Penn Library

Hidden in Plain Sight:
Musical Treasures in the Penn Library

Curated by Marjorie Hassen

Otto E. Albrecht Music Library
University of Pennsylvania


Manuscript Collections: Individuals

The Rare Book & Manuscript Library of the University of Pennsylvania is home to the personal papers of many significant performing arts and literary professionals of the nineteenth and twentieth centuries. Their correspondence and memorabilia document a variety of connections among artistic contemporaries. While it may be obvious to research the life and career of Marian Anderson in the Marian Anderson Papers, it may be less obvious that you will find correspondence from the British actor, Basil Rathbone, in her collection.

Table of Contents
Introduction
Manuscript Collections:
Institutions
Sheet Music
Images
Conducting Scores
Music Manuscripts:
15th-18th Centuries
Music Manuscripts:
19th & 20th Centuries
Landmarks of Music Theory


Anthony Philip Heinrich Autograph Letter to John Rowe Parker
31 August 1820
Ms. Coll. 186, Folder 142

Born in Bohemia in 1781, Anthony Philip Heinrich spent time in America in the early years of the 19th century in an effort to establish himself as a businessman. After several unsuccessful attempts he turned to a career in music. Although he had little formal musical training, Heinrich developed a wide-reaching reputation as a composer and violinist, performing in Pittsburgh, Kentucky, Boston, Philadelphia, and New York, where he eventually settled in 1837. His prominence among active music circles led him to be called "the Beethoven of America" by New York critics in the 1840s and to be considered America's first "professional" composer.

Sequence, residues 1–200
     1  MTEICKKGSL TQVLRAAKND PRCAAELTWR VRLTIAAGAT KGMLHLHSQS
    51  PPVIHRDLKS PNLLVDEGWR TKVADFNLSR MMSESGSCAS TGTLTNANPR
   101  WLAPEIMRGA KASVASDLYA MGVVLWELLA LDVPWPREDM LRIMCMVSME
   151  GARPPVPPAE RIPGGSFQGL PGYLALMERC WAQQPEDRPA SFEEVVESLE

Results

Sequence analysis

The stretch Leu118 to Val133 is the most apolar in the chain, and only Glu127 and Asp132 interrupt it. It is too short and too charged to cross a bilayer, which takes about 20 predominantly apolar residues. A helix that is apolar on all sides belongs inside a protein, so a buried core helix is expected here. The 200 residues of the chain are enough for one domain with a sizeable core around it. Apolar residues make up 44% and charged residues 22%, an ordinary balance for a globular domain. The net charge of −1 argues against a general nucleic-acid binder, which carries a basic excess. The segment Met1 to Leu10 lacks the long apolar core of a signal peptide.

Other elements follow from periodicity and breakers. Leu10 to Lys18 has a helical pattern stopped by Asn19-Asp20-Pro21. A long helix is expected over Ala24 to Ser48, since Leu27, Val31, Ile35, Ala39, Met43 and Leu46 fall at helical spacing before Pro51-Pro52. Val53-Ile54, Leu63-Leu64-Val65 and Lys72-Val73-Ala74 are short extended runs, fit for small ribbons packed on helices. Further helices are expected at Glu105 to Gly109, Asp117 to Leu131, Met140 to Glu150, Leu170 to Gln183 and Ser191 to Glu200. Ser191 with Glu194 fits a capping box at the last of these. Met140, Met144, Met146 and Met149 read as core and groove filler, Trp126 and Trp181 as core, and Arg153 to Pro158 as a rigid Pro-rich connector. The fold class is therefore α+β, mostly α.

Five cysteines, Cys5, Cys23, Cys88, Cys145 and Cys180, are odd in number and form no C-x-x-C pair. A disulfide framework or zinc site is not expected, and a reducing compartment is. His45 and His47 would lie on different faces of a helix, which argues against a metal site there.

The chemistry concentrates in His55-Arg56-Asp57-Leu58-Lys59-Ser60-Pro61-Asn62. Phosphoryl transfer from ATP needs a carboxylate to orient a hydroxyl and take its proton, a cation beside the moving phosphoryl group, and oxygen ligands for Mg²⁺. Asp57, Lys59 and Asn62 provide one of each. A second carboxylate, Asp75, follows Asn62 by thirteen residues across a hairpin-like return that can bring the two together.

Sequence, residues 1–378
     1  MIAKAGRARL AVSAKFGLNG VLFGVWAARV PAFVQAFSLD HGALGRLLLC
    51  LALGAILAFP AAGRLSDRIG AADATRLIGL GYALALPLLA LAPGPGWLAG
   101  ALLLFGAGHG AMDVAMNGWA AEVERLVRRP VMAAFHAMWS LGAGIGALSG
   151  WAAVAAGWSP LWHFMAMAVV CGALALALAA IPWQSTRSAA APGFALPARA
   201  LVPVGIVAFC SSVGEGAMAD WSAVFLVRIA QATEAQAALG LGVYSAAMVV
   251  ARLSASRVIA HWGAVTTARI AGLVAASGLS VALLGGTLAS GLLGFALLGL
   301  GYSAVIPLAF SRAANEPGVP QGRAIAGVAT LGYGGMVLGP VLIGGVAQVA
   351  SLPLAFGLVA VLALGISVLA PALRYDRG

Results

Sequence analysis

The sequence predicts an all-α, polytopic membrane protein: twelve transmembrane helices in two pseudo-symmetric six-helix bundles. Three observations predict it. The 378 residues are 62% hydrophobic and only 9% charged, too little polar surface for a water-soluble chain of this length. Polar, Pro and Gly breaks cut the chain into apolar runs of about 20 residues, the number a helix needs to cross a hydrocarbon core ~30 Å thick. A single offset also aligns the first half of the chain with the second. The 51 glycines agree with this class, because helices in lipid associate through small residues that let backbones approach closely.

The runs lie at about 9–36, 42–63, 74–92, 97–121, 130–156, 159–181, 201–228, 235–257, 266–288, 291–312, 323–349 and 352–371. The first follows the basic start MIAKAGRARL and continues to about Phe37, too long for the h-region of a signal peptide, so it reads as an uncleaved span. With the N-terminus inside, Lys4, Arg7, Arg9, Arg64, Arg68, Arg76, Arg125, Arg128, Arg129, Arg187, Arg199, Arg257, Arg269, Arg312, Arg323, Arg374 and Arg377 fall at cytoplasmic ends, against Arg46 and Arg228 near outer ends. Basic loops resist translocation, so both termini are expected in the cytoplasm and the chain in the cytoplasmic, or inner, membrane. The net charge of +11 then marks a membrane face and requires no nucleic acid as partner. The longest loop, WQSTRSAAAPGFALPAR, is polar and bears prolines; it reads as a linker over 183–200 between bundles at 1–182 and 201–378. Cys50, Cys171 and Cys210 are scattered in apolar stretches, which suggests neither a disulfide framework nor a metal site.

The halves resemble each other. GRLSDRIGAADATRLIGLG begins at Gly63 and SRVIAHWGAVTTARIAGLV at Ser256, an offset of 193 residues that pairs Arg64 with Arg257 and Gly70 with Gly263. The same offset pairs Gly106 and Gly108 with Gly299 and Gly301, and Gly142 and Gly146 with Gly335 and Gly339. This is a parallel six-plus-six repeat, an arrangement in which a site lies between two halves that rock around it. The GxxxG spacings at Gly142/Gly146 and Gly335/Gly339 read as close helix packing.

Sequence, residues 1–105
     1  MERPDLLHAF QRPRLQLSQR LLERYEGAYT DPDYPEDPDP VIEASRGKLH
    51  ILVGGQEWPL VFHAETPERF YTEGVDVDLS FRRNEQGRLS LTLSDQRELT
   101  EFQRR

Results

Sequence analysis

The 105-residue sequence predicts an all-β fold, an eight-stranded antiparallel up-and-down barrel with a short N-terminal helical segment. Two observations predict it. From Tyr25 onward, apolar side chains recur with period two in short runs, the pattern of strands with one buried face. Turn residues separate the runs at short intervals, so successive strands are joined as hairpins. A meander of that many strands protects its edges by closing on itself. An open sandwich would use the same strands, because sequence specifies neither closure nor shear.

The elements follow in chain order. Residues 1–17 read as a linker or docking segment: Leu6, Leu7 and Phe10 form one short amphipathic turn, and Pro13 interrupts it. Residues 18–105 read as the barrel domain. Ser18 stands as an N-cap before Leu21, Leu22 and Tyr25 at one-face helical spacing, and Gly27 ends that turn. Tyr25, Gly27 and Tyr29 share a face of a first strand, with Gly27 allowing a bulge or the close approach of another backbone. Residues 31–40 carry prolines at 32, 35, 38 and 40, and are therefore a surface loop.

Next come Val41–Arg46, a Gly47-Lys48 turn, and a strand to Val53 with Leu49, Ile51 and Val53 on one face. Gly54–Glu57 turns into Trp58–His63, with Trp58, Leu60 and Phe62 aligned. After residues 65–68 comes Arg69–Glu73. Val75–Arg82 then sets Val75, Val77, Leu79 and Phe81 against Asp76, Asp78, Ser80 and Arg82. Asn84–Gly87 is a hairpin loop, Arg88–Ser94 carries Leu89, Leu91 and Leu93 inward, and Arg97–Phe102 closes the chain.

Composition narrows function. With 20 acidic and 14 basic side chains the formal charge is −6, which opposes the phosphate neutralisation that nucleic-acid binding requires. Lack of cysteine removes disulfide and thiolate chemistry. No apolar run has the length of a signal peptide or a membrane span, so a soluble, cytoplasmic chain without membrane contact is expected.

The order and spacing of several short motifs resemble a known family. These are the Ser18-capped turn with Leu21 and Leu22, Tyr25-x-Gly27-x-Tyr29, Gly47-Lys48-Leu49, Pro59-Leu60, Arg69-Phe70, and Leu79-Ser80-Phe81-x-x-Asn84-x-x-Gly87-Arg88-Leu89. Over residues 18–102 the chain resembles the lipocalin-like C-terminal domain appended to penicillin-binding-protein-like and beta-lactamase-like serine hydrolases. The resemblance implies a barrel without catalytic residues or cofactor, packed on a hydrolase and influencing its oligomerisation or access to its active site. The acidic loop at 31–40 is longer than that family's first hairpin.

In this letter Heinrich writes to John Rowe Parker, a Boston music dealer and the founder of the Euterpeiad, a weekly music magazine published from 1820 to 1823. Each issue of the magazine included both musical anecdotes and serious commentary on music publications and performances, primarily in the Boston area. He thanks Parker for publishing the preface from his 1820 work, The Dawning of Music in Kentucky, at the same time commenting on the current state of music in America and his own difficulties in securing support for his composing. He writes:

In publishing my humble innocent Firstlings I have acted with every liberal sentiment in view. From a sincere attachment to America my newly adopted Country especially Kentucky, thought I proper to exert myself in order to prove an honest warm hearted spirited national Minstrel. Small indeed is the number of composers in our young musical Commonwealth. Not one yet, I presume has here stept forward to produce a Volume of Compositions, presented in a Toute ensemble of Varieties of any Magnitude, and calculated to travel or exhibit itself abroad . . .

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